Five things to know, May 30, 2022
1. The Russian-battered eastern Ukrainian city of Sievierodonetsk looked set to become another Mariupol on Monday, as the mayor told The Associated Press that Russian troops entered, that electricity and communications were cut off and that “the city was completely destroyed”. .” Meanwhile, Ukrainian President Volodymyr Zelensky visited the “frontline positions” of the Ukrainian army and met with soldiers during a trip to the Kharkiv region, his office said on Sunday.
2. The Russian Navy carried out another test of a future hypersonic missile on Saturday, a demonstration of the army’s long-range strike capability amid fighting in Ukraine. The Defense Ministry said the Admiral Gorshkov frigate of the Northern Fleet in the White Sea launched the Zircon cruise missile into the Barents Sea, successfully hitting a practice target in the White Sea about 1,000 kilometers away. (540 nautical miles).
3. The remains of unknown US soldiers who died in action in North Africa during World War II will be repatriated for identification under an agreement signed Monday in Tunisia. Natasha Franceschi, Chargé d’Affaires at the U.S. Embassy in Tunisia, signed an agreement with Tunisian Foreign Minister Othman Jerandi during a Memorial Day ceremony at the North American Cemetery in Carthage. The memorandum of understanding paves the way for the exhumation of the remains of unidentified American servicemen who gave their lives during the campaign in North Africa, the embassy said.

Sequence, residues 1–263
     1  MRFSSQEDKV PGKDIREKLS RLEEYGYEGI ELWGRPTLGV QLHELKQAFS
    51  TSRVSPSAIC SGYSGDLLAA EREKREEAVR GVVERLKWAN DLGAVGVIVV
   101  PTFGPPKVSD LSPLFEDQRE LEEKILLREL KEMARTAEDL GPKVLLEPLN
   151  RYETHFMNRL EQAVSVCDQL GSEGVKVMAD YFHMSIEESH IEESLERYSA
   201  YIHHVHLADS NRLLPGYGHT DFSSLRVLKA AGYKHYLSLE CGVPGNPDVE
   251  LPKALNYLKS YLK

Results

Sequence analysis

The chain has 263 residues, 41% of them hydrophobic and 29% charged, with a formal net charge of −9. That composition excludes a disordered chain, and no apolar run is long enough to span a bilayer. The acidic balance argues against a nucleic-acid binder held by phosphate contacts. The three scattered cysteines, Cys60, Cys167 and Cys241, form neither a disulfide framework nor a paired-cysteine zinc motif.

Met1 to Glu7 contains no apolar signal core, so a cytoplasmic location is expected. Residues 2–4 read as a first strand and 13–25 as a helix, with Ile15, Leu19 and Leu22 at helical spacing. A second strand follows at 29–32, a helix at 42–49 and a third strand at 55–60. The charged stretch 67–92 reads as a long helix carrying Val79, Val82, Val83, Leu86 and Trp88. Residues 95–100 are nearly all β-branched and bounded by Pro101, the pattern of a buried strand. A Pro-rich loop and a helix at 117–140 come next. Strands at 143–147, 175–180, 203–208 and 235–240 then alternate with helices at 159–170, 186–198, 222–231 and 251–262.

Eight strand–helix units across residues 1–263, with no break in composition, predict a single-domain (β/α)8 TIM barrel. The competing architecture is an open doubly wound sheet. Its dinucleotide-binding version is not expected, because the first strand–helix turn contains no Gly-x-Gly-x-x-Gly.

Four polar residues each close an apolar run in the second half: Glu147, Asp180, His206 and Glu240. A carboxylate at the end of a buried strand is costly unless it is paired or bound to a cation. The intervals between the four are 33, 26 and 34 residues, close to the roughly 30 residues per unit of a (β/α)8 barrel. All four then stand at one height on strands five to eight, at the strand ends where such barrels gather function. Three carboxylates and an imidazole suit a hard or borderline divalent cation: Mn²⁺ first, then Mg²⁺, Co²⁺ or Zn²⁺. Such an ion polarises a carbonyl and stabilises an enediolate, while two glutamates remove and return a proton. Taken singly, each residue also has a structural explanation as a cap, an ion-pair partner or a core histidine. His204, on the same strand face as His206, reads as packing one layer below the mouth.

4. President Joe Biden told Naval Academy graduates on Friday they would be “the representatives and defenders of our democracy” as free societies are threatened by Russia’s invasion of Ukraine to China’s maritime expansion. Delivering a keynote address to more than 1,000 newly commissioned ensigns and second lieutenants at Navy-Marine Corps Memorial Stadium, Biden said the Western response to Russian President Vladimir Putin’s “brutal” war in Ukraine shows that the world is aligned not on geography, “but on terms of values.
5. The Veterans Triangle at Elmwood Cemetery was serene on Sunday afternoon. The grass was neatly trimmed and the headstones were adorned with small American flags. The service members interred in the Veterans Triangle were all, at one time, members of the American Legion, and members of the James L. Yates American Legion Post 9 in Kentucky consider the upkeep of the Veterans Triangle a duty.